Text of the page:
Manufacturers represents around 75% of the total worldwide advertising spend.  To get the highest return from this investment manufacturers are increasingly seeking access to specific SKU (stock keeping unit, or item-level sales data) to further influence the purchasing decisions of their end customers or create new ways to ensure predictive ordering though their merchant partners.

This helps explain why Amazon’s own advertising platform, with their SKU sales data, is growing so dramatically.   The shift in spend mostly occurring among Consumer Packaged Goods brands, drawn to Amazon’s ability to link advertising more closely to the actual point of sale and thereby provide a more seamless shopping experience.

In a world where 90% of all commerce still happens in the physical world, the digitizing of the physical store is rapidly becoming a prerequisite to compete.  It should also then follow that in-store Point of Sale providers are well positioned to become the new ‘advertising hub’ for all brick & mortar commerce.

This assumes both merchants and POS companies agree to to work together to facilitate access & availability of their data rather than trying to monopolise the opportunity individually.

Merchants have of course been slow to share their sales data (particularly on-premise; food and beverage operators) given their paranoia over competitive secrecy.  They don’t want their competitors to know how they’re doing, and much less how they are doing it.

However, by not sharing their data, these offline merchants are unable to reap the commercial benefits by unlocking manufacturer advertising spend.  Through partnerships with their POS companies, merchants would be incentivised to innovate in order to monetise these advertising opportunities.  Given this is also the future for their own businesses, it stands to reason POS companies would want offline advertising commerce to succeed and grow.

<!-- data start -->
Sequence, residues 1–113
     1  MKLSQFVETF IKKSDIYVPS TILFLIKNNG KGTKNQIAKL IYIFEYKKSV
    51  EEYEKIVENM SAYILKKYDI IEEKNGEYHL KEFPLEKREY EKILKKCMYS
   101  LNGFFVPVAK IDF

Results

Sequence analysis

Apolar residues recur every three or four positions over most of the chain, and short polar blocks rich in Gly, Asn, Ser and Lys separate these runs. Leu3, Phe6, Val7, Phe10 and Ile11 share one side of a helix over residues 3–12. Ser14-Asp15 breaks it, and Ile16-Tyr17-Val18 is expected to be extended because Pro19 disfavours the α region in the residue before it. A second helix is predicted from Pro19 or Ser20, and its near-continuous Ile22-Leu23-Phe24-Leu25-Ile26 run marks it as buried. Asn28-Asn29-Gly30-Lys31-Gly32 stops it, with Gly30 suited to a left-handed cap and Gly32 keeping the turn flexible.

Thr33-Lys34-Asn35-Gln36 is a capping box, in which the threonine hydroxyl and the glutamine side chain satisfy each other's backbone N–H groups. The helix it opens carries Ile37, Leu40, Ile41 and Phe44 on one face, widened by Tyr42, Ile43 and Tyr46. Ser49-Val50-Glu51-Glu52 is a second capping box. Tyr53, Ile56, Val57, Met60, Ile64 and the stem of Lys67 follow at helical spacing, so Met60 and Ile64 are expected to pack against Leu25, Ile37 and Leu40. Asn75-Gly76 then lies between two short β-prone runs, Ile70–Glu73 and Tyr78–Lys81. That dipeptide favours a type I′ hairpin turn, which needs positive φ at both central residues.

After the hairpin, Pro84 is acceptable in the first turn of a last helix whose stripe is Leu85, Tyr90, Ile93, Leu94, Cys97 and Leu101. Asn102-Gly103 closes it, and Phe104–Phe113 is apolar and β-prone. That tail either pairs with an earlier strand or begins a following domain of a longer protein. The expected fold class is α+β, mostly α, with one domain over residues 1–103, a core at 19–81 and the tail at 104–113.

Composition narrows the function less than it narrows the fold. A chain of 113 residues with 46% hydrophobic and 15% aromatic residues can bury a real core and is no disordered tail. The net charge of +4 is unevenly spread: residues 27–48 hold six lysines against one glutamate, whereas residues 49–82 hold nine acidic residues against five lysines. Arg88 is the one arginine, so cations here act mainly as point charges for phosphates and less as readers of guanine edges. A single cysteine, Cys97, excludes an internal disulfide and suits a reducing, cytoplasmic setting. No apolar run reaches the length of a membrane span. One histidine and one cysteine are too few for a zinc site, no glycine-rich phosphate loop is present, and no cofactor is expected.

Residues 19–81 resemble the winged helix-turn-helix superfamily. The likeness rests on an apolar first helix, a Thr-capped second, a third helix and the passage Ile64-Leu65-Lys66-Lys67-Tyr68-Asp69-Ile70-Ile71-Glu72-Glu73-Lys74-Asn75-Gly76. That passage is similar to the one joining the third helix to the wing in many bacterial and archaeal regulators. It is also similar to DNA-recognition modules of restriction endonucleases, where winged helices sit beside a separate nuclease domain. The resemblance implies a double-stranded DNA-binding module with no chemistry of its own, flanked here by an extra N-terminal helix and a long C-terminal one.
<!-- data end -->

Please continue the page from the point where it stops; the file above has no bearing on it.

Historically, the major POS companies have made it extremely difficult for either their own merchants or themselves to participate in this type of value creation using the basket data.  Whether it is refusing to build APIs, or attempting to monopolise all aspects, these actions have resulted in holding up innovation for anyone else in the value chain.

Slowly, however, innovation around POS data is starting to happen.  Within the F&B sector companies such as Olo, Omnovore & Flyt now accessing multiple POS providers to facilitate ordering, payment & CRM services.

In the UK, Eagle Eye’s AIR platform provides AB InBev with promotional visibility from issuance through to redemption at checkout at Mitchells & Butlers’ locations enabling comprehensive media reporting in real time

Kroger in partnership with Microsoft Azure is currently building an ecosystem driven by data and technology to provide customers with personalized food inspiration.  Microsoft’s artificial intelligence software that can predict a shopper’s age and gender, data that will help the likes of Procter & Gamble, Pepsi, and Kraft Heinz tailor ads to a particular customer segment

Such partnerships are a signal that leading retailers plan to do more than merely remain competitive; they plan to innovate around data and technology.  If this innovation could be delivered on a collective basis, perhaps the multi billion advertising market could, at last, be unlocked for bricks & mortar retailers